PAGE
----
Coffee Stout Question..,

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Atlmustang

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Hey all! Quick question...I am gonna have me a little brewing apprentice here in about a month and my wife is ready for a beer. Dersevedly so I might add. She requested a coffee stout so I found a delious recipe full of maris otter, crystal 40, carafa II, oates and barley. The wort that combo put out was oil black and smelled amazing. The yeast is enjoying it as well judging by the airlock :)

My recipe says to add 32oz of cold coffee during secondary. Its a 5 gallon batch. So do I just brew the coffee, fridge it overnight and pour it in? I was going to go to my local coffee shop and get their best dark roast. Should I be looking for a particular roast coffee?

Thanks in advance.
 

Chrispy92

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Just curious while this thread is up here, as I have seen lots of brews that say add coffee to a secondary... Could you actually boil coffee beans in the wort?? Wonder how different the flavor would be...
 

Yooper

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Just curious while this thread is up here, as I have seen lots of brews that say add coffee to a secondary... Could you actually boil coffee beans in the wort?? Wonder how different the flavor would be...
Have you ever accidentally boiled coffee? It's awful awful awful.

As to adding the cold brewed coffee, I would add cold brewed coffee. By that I mean to use a cold press or steep the water in the coffee grounds in the fridge for a few days, then press (filter) and use. I don't know your recipe, but that's what all of the brewers I know do- cold brewed coffee and not cold coffee (brewed with a coffee pot and then chilled).

I would use 2 ounces (by weight) of coarse ground great quality coffee for 1 quart of good water (RO) and use cold brewed or cold steeped coffee only.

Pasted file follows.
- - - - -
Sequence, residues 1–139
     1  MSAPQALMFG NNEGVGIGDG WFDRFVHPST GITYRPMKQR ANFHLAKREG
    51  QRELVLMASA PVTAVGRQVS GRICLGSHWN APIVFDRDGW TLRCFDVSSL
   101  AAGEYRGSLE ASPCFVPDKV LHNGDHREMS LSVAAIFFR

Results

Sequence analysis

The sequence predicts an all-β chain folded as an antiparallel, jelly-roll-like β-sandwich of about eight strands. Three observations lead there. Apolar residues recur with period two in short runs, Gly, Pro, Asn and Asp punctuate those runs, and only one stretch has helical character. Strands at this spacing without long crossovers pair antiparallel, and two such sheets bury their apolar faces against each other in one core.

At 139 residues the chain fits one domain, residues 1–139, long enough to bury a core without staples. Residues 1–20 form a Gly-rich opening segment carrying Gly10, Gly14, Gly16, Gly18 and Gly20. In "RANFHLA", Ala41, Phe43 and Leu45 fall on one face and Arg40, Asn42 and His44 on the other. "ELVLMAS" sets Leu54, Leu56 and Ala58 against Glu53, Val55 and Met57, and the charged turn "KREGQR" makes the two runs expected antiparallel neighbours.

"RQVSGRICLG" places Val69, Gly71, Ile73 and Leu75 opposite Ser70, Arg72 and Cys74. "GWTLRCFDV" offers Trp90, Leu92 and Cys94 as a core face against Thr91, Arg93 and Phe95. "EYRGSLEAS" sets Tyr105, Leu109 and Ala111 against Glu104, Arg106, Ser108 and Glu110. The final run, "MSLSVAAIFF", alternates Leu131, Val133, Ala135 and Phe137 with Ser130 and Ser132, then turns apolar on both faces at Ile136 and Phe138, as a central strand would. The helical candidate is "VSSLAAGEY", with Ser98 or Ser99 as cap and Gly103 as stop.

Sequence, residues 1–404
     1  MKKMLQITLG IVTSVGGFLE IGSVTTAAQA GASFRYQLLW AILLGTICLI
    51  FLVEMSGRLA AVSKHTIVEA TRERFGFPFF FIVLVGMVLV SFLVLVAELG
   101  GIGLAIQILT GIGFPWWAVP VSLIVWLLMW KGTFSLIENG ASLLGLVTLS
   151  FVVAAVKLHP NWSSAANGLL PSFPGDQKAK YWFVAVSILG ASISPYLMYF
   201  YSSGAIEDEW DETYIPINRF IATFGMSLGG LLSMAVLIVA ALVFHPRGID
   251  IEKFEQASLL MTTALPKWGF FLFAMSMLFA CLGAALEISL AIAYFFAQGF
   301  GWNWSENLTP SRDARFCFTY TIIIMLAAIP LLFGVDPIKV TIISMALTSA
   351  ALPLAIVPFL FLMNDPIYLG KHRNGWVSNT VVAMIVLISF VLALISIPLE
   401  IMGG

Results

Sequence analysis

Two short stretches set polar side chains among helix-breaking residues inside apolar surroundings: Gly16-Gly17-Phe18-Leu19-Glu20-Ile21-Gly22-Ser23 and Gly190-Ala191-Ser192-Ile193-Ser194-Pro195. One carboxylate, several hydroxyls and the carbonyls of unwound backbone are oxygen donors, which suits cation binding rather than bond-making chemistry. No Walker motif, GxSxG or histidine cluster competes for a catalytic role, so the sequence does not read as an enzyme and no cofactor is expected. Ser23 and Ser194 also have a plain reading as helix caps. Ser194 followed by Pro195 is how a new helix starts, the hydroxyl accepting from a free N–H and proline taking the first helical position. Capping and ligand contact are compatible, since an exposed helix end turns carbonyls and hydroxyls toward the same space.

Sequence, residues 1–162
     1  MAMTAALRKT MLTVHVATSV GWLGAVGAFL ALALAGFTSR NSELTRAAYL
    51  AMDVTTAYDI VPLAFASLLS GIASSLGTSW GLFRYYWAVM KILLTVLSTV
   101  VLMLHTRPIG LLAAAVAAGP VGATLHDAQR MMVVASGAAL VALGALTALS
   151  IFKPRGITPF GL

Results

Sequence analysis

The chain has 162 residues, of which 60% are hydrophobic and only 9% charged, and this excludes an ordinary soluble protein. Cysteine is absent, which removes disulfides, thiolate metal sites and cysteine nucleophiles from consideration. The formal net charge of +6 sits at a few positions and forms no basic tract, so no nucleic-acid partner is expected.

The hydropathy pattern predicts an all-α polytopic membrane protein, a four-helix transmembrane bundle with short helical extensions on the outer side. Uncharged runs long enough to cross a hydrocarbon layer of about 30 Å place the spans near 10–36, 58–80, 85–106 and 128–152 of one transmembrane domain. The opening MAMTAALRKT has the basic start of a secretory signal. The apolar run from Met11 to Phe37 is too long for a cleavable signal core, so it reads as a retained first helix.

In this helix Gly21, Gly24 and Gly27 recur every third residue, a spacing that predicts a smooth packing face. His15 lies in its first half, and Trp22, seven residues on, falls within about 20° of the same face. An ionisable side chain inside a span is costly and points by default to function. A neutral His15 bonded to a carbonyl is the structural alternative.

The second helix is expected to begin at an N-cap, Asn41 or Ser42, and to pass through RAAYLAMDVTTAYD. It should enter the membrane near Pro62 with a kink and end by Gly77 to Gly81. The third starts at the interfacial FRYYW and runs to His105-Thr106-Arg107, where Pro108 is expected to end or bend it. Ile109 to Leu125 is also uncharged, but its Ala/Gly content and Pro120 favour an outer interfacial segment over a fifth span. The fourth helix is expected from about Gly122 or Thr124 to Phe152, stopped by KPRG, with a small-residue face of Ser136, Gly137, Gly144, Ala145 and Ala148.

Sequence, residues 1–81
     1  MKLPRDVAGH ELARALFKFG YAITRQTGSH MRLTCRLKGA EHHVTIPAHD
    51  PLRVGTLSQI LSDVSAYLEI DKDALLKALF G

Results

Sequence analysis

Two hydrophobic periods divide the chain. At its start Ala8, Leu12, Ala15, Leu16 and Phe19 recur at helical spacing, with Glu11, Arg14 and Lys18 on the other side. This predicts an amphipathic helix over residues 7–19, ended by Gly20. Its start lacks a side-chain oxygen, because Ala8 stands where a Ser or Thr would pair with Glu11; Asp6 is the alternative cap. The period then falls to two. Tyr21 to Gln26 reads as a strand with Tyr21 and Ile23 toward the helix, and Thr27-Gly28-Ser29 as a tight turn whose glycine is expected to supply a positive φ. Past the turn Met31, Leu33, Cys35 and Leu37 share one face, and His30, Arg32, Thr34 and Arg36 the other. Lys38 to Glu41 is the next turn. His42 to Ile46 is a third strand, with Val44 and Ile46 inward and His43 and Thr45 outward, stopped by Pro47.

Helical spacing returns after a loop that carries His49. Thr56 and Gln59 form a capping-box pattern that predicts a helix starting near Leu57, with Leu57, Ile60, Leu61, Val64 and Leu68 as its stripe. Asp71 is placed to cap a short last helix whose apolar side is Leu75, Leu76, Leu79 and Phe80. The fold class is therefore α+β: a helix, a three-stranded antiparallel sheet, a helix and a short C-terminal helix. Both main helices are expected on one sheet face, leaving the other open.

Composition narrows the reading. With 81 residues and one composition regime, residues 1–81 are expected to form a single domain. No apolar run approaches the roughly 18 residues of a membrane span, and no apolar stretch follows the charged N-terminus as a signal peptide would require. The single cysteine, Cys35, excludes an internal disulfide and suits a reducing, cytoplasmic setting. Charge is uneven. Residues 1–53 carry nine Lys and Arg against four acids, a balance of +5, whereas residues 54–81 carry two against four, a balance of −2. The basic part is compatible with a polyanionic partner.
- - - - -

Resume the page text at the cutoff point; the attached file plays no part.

Chrispy92

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Well then, now that I think about it I haven't had boiled coffee... Haha! Fair enough, cold brew it is if I ever add it ��
 

Chanoc

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I used fresh roasted to first crack, freshly ground, dumped the ground coffee into secondary, let sit a few days, rack and bottle as usual...
I got great taste, great smell and no bitterness..
At least to my palate...
HTH...
 

Chanoc

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This is the color I got...

ETA: Sorry for the sideways pic...
I forgot to turn off the Anti-Grav...

IMG-20160422-WA0068.jpg
 

BlueHouseBrewhaus

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For my last coffee stout, I added 1/2 cup good quality coffee to 2 1/2 cups boiled and cooled water and let it steep in the fridge for 24 hours. Once I filtered out the grounds, this yielded 2 cups of cold brew coffee that I added to secondary. The flavor was just right for my taste. That, however, is the key. It depends on your preference. It may take some trial and error. One way to shorten the learning curve is to make up a good size batch of cold brew and gradually add it to the bottling bucket (or keg) while tasting along the way. That way you can adjust the strength to your preference.